Adding to my series of recent posts on Tibet, I’ve been reading a fine book in French:
- Katia Buffetrille, L’âge d’or du Tibet (XVIIe et XVIIIe siècles) (2019; 311 pages)
(review here; this brief notice; numerous other publications by Buffetrille here).
While Tibetologists have long focused on early history, more recently many scholars have turned, impressively, to addressing the complexities and traumas of Tibetan society since the Chinese occupation in 1950; so this volume on the historical background is welcome. Notwithstanding the focus on the “Golden Age”, it provides material on both earlier and later history, making a useful, wide-ranging introduction for the greater Tibetan region—including Amdo and Kham—before the Chinese occupation, as well as relations with neighbouring countries including Bhutan, Sikkim, Ladakh, and Manchu China.
Using Tibetan, Chinese, and European sources, the book is attractively presented in the Guide Belles lettres format, with copious illustrations and a bibliography arranged by topic. Paying attention to both material and conceptual aspects of Tibetan culture, Buffetrille covers not just the upper echelons but popular life too, correcting misconceptions in the process (cf. Tibetan clichés).
Here I’ll merely list some main themes of the eight chapters.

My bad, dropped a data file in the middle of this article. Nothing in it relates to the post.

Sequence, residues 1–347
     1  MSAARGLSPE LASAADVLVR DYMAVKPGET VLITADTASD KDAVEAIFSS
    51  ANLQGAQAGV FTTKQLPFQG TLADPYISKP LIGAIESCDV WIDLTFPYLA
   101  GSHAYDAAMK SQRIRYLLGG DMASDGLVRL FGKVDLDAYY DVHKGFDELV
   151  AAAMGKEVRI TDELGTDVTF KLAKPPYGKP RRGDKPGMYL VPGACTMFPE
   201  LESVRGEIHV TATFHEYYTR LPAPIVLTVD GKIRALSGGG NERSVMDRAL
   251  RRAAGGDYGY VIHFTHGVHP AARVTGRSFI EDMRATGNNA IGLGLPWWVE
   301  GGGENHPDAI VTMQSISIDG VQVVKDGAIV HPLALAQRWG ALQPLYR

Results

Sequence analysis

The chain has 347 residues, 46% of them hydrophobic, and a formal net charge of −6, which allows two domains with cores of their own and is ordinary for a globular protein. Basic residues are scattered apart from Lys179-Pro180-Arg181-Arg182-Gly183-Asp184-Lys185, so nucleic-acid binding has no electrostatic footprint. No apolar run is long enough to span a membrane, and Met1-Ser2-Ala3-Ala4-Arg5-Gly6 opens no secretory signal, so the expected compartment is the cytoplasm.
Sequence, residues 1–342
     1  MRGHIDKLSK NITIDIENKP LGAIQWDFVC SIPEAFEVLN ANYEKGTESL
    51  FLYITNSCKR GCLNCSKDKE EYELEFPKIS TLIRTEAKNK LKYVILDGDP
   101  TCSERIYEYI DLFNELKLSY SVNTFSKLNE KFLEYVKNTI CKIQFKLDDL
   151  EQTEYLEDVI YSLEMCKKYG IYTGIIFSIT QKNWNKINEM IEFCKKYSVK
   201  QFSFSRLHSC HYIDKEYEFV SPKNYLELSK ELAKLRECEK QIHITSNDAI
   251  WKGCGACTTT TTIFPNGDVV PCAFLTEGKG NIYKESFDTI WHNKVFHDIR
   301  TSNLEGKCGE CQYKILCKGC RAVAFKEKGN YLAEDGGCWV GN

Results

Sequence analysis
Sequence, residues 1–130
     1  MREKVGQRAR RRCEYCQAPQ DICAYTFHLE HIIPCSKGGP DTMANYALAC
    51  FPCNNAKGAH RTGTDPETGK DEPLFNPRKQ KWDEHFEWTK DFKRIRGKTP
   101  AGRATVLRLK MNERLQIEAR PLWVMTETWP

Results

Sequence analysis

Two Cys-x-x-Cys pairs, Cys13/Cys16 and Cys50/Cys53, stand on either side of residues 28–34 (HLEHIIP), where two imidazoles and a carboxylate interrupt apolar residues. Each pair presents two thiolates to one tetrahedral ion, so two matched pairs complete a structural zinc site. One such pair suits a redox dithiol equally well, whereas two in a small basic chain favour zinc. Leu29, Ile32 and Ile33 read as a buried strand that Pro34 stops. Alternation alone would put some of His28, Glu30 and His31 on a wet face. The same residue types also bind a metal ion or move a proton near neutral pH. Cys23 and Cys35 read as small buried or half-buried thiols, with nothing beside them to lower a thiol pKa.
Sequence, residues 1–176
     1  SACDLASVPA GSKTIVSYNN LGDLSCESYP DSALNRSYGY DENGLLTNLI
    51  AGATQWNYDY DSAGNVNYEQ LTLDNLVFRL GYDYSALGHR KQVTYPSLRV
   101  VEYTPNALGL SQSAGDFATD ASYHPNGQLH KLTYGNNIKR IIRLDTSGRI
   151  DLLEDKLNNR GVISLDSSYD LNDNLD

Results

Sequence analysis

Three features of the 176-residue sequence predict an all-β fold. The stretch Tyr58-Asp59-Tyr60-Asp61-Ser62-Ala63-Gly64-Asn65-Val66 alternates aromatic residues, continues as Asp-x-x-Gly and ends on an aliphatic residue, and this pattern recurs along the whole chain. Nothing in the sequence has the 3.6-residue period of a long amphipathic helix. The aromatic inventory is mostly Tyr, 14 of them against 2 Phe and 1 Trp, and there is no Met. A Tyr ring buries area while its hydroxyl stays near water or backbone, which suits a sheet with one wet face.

History: subsuming both the thriving period of political stability under the Great Fifth Dalai Lama (1617–82), with the hegemony of his Gelugpa school of Buddhism, and attendant power struggles.
The Tibetan space: cosmology; central Tibet and the peripheral regions, notably Amdo and Kham; and cosmopolitan Lhasa, with its ethnically mixed population (also including Muslims, Newars, Armenians, Christians), dynamic commercial life, and monuments.
Chapter 3 looks at the political and administrative organisation in more detail, including justice, the army, finance, and the postal system.
Chapter 4 unpacks the society and economy. Buffetrille introduces the nobility; the varied strata of common people (“serfs”, in the parlance of some modern observers), including brigands; and the clergy, another stratified category. As to the economy, she discusses agriculture, nomadism, commerce, measures and currency, mining, hunting, and the artisanat.
In a chapter on Time, she discusses astrology, the calendar, divination, and the life cycle.
Chapter 6 considers Religions in all their forms. Besides giving a useful overview of the various schools of Buddhism (with earlier historical background) and Bön, Buffetrille features “social inscription”: the life of monasteries, lay practices, pilgrimages, beliefs, indigenous rituals, and local deities.
Intellectual life: language, writing, paper, xylography, printing, libraries, and literature (Buddhist, historical, scientific, fiction).
The arts, again enmeshed with religious practice: artists, painters (with an interesting vignette on pigments), iconography, sculpture, architecture—ending with a brief mention of music, which is further covered in
Pastimes, with the annual cycle of festivals, both in Lhasa and in rural communities, including courtly and popular songs and dances, lhamo opera—and picnics.
Private life, including naming customs, family, women, sexuality; the house, tents, food and drink; healthcare, costume.
All this makes a suitable reminder that before the Chinese occupation, for all its social issues, Tibet was a mature, functioning, independent society. This concise introduction much deserves an English translation.